Alcohol issues return to the top of the PBTC's docket
by SHANNON MULHALL
Published - 07/30/08 - 03:25 PM | 2340 views | 0 0 comments | 3 3 recommendations | email to a friend | print
Alcohol-related issues, including liquor licenses and the beach alcohol ban's impact on local July Fourth celebrations, dominated the Pacific Beach Town Council's (PBTC) July 16 meeting at the Earl & Birdie Taylor Library. The advisory board also discussed revisions to a proposed maintenance assessment district (MAD) that would charge area business owners for gum and litter removal, sidewalk power washing and other services.

"The July Fourth weekend, from our standpoint, went very well," Lt. David Nisleit of the San Diego Police Department's (SDPD) Northern Division said.

Though a stabbing occurred at Belmont Park, Nisleit said there was a significant drop in violent activity.

"There were a lot less arrests, a lot less violence," he said. "The only thing we saw an increase in was house parties."

With alcohol banned from the beach, some revelers took the party inland. Nisleit said officers responded to numerous house parties at night and during the day.

"On Oliver Street, it was party city," PBTC Vice President Rose Galliher said. "The whole street was littered (the following morning) with rockets, red cups and beer cans. It was awful."

Some town council members expressed frustration over slow response times to house parties and other noise-related disturbances.

Staffing shortages are not limited to officers in uniform, said Nisleit. Dispatchers who take calls citywide are also affected.

"It's not an excuse but you've got to be patient," Nisleit said. "We're not going to be perfect, we never will be, but it was much better than years past."

Sgt. Darrell Esparza of the San Diego Lifeguard Service agreed.

"In my 30 years of lifeguarding, Pacific Beach is finally returning to what it used to be in the '70s," he said. The "rowdy crowd" of previous years was replaced with children and families, he said.

Fog also played a role in the smaller crowds, the veteran lifeguard added. This year, he estimated roughly 25 to 30 percent fewer people celebrated Independence Day on local beaches.

Many town council members would like to see a similar decline in the number of liquor licenses issued in the area. The city, however, only has limited control over who receives a license and who does not.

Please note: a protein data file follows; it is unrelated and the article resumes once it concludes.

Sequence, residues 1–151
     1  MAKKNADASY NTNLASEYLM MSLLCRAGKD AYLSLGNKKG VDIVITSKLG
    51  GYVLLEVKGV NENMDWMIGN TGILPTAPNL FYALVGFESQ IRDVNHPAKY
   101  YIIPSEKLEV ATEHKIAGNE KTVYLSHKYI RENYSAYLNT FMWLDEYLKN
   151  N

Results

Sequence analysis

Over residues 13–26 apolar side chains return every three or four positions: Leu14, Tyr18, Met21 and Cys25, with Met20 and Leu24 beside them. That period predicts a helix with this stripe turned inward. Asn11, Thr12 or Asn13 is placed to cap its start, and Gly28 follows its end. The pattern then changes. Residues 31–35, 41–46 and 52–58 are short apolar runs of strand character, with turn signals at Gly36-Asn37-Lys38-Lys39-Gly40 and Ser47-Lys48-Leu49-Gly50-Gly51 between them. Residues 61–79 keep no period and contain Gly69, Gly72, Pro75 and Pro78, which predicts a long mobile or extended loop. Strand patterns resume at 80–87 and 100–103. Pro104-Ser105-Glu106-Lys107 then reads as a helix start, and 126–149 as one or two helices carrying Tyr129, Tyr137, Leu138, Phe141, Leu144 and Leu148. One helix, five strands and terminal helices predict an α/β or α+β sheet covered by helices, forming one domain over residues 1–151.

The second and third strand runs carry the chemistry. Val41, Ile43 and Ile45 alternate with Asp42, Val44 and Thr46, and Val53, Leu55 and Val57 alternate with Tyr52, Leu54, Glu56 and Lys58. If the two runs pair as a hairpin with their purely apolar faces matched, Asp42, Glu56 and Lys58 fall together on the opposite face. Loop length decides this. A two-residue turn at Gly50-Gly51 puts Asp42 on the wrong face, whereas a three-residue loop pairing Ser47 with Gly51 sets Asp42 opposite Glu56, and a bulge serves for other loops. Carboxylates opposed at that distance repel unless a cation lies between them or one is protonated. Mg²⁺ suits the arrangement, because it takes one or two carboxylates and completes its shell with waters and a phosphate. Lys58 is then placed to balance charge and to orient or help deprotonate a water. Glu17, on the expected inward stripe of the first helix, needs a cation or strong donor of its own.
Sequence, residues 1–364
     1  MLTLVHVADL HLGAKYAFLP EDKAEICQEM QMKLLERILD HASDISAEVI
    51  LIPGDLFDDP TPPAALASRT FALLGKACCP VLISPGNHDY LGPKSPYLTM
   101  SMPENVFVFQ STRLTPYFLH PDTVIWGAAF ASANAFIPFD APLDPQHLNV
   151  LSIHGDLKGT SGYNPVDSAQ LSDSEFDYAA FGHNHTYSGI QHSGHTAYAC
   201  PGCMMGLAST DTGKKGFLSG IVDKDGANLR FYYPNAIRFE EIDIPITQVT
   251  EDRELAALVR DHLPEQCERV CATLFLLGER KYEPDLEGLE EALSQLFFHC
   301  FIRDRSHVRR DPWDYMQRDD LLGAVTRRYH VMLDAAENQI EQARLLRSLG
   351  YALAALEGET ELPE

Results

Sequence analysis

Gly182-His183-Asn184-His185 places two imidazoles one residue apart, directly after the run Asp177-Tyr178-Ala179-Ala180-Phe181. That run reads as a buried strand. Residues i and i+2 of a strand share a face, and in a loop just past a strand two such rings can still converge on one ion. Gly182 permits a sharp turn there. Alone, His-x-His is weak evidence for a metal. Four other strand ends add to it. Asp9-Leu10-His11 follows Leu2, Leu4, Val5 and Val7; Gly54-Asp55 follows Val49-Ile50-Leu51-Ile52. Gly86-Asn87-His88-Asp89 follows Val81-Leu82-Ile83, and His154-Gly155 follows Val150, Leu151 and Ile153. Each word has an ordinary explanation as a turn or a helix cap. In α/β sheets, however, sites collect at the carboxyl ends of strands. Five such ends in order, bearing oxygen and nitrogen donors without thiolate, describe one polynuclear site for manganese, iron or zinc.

"It's a state thing," Detective Sgt. Howard LaBore of the San Diego Police Department's (SDPD) vice department said. Though vice conducts its own review of applicants, the California Department of Alcoholic Beverage Control (ABC) ultimately determines whether a license is issued.

The city is notified of all new or transferred licenses. It also conducts investigations of all condition modifications, including expansions, hour changes and the type of alcohol served.

Some town council members questioned why there was not more public notification of the Pacific Beach Shore Club's expansion, which includes a 1,600-foot deck.

A notice is posted on the outside of the establishment, but some town council members felt that was not enough.

Owners are not required to notify the public about modifications to alcohol licenses, LaBore said. 

PBTC director Rick Oldham asked how Pacific Beach ended up with twice the bars of other areas in the city.

Though Pacific Beach is widely perceived as party central, the city's highest concentration of liquor licenses is actually in the tony Gaslamp District, according to LaBore. However, one of Pacific Beach's three main census tracts is home to more than 50 bars.

"No more bars is not the right answer," LaBore said. "Opening the floodgates is not the right answer. Somewhere in the middle is where we need to meet."

Community input is crucial, he added.

"It's not the community's function to approve (the license), but I want your input."

The community will also have a chance to weigh in on a proposed maintenance assessment district (MAD) that would charge property owners for litter removal, sidewalk power washing, security patrols and other services.

"My goal is to get gum off the sidewalks on Garnet and find a way to make that permanent," Discover Pacific Beach executive director Benjamin Nicholls said.

The first MAD proposal presented to the town council distributed the program's estimated annual costs of almost $194,000 among residents and business owners.

The map has been redrawn, Nicholls said, to exclude as many residents as possible. "I think we're going to have a system where people pay their fair share."

Property owners in zones that generate a lot of traffic and trash, such as Garnet Avenue, would pay more, he said.

Nicholls would like City Council to vote on the proposal by the end of the year.

"I would love to provide services by next summer," he said.

A series of public meetings is planned to get input from the community. Nicholls said a new survey will also be distributed to property owners to gauge their feelings on the MAD.

Though everyone seems to agree that Garnet needs attention, not everyone believes that a MAD is the best solution.

Some attendees asked why Discover Pacific Beach, the area's business improvement district, doesn't foot the bill for cleaning and other services since the proposal does not include residents.

Individual contributions to Discover Pacific Beach are very low, Nicholls said. Business improvement districts typically don't clean, he added.

Others questioned whether the estimated budget of $194,000 would be enough to guarantee quality work and service.

"These budget numbers take into account professional people," Nicholls said.

The cleaning crews would be employees of Discover Pacific Beach.

The PBTC"ˆwill meet again Wednesday, Aug. 20, at 6:30 p.m., the Taylor Library, located at 4275 Cass St.
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